Malaysian Employers Federation (MEF) executive director Shamsuddin Bardan, however, has welcomed the upcoming changes. He says employees would benefit from more flexible working hours if the changes are put in place.
He cites women working in the industrial and agricultural sectors as an example. “Some women have [family commitments] in the day, but the laws currently don’t allow them to work after 10pm without the labour director general’s permission. Some also prefer working permanently at night, but the labour department requires employers to rotate their shifts. So some have no choice but to leave employment,” he says.
“We also have to look at what developed countries are doing,” Shamsuddin says in a phone interview. “In the UK, an employee must have served two years before they can challenge a dismissal. Malaysia is not the first country to contemplate such provisions.”
Shamsuddin says Malaysia could lose investments if too many labour requirements are imposed. “Investors, whether foreign or local, would benchmark each country and invest accordingly … If investors feel the returns in Malaysia are low and there are many requirements to fulfill, they may choose to go elsewhere.”
Plug and play
Pereira points out that loose regulation would not give employers incentives to train staff. “The problem is, employers want plug-and-play employees,” he says. “They want workers who can immediately do the job without having to invest in training.”
Pereira says this attitude would result in employers resorting to firing and replacing workers who cannot immediately perform.
“If workers are employed on a contractual basis, that makes it even easier [to fire them],” says Pereira. “Furthermore, employers would save money on items such as medical expenses and annual leave.”
Pereira stresses that this would ultimately be detrimental. “Social responsibility for the unemployed has to be placed somewhere – either with the government or with employers. In many developed countries, the government takes on that role. So if companies have more freedom to fire employees, the government provides workers with unemployment benefits.
“In Malaysia, once someone is fired, there’s no government support,” says Pereira.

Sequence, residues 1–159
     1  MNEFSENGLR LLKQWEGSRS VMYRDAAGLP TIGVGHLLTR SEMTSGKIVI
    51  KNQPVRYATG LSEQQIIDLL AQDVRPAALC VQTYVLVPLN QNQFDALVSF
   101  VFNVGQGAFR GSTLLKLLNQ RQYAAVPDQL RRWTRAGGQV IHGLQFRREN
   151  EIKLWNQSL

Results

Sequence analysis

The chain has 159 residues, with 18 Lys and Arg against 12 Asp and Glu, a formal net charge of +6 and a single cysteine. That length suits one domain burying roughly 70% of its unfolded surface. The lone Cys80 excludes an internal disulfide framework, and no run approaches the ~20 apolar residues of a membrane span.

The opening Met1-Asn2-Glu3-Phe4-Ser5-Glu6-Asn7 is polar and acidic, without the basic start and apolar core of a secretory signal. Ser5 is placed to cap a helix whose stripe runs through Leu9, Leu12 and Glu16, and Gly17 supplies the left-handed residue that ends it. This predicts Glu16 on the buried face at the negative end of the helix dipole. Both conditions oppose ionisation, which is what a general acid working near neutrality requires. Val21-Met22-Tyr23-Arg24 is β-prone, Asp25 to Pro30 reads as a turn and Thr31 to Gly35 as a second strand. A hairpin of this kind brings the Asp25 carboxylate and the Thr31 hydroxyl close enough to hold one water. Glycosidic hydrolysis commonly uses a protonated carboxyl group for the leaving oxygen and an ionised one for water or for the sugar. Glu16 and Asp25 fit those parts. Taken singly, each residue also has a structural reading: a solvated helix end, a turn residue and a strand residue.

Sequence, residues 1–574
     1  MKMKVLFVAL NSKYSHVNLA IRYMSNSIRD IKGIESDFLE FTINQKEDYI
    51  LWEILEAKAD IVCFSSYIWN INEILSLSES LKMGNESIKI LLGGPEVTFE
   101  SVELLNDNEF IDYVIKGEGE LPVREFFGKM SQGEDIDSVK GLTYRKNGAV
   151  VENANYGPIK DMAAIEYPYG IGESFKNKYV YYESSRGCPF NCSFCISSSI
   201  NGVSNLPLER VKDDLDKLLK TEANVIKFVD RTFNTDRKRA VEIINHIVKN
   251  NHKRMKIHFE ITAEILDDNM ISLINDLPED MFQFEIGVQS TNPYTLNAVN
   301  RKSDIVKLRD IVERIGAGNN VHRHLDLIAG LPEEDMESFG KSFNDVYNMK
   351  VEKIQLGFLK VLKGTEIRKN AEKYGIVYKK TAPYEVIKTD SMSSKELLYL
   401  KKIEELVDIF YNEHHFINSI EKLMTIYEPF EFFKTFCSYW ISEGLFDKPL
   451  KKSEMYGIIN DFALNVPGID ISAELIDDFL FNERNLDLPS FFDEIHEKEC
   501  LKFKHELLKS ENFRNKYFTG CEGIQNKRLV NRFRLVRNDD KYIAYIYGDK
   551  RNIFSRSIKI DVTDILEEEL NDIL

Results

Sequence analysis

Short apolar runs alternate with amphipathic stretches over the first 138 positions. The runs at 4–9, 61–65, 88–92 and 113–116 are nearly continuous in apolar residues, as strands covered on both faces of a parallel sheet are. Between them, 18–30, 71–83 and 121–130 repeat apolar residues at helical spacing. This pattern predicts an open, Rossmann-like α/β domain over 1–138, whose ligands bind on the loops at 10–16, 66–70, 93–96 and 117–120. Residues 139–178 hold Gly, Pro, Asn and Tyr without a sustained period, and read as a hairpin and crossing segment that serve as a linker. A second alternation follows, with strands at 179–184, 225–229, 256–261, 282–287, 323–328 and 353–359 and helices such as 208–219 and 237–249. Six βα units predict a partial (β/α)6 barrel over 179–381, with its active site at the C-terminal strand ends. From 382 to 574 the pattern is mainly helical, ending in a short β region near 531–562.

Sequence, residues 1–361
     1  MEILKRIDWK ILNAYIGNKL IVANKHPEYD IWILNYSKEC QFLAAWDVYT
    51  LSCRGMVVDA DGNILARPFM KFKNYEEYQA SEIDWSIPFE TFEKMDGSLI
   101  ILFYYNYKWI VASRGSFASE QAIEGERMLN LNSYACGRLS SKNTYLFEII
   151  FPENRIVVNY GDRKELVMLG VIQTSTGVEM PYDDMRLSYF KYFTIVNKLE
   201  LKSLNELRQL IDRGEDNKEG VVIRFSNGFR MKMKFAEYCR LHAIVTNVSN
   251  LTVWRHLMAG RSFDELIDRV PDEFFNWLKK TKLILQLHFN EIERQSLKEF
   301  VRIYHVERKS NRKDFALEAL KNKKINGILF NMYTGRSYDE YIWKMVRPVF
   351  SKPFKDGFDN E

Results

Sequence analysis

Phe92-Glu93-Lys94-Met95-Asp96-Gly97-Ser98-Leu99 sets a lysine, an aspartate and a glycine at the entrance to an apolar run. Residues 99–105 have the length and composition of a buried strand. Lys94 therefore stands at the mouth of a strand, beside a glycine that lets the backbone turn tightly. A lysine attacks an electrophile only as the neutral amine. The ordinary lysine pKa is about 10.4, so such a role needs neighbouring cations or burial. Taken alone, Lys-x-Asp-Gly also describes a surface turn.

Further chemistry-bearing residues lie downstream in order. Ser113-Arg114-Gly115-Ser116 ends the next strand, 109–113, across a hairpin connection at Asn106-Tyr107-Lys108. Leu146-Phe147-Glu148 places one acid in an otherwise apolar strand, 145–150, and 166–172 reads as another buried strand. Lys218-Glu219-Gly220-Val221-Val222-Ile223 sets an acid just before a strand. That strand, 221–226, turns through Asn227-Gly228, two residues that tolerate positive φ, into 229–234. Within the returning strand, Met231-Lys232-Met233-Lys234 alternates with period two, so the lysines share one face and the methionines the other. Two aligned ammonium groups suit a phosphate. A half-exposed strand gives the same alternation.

Attempts to reach the Human Resources Ministry to clarify the issue did not yield immediate response.
With such disparate views from both employers and employees, how should the government proceed in instituting meaningful and equitable reform?
Lim stresses that the incoherence within the system must be dealt with, and that consultations should be held with the various stakeholders. He recognises that employers may have valid concerns about the cost of dismissal disputes and compensation. But Lim says this shouldn’t result in arbitrary definitions of who would be entitled to file a complaint and claim compensation or reinstatement if one was unfairly fired.
He also notes that most employers are not unhappy with the current law. “Employers would agree they cannot fire without good reason. But the system for complaint must be efficacious and not tie people up for years.”
However, Pereira says the ministry has marked the proposed amendments “sulit”, thereby precluding any public discussion on the review. Because any legal amendment could affect thousands of workers, Pereira says they “should be subject to public consultation and not marked confidential”.
Still, the government’s move isn’t much of a surprise, especially since, as Pereira points out, unions are often consulted much later after the ministry has received extensive feedback from employer groups.
Employees are not unreasonably demanding, says Pereira. “It’s not that workers want a lot of rights. They just want to be able to live peacefully. To have job security, get medical treatment and feed their families.”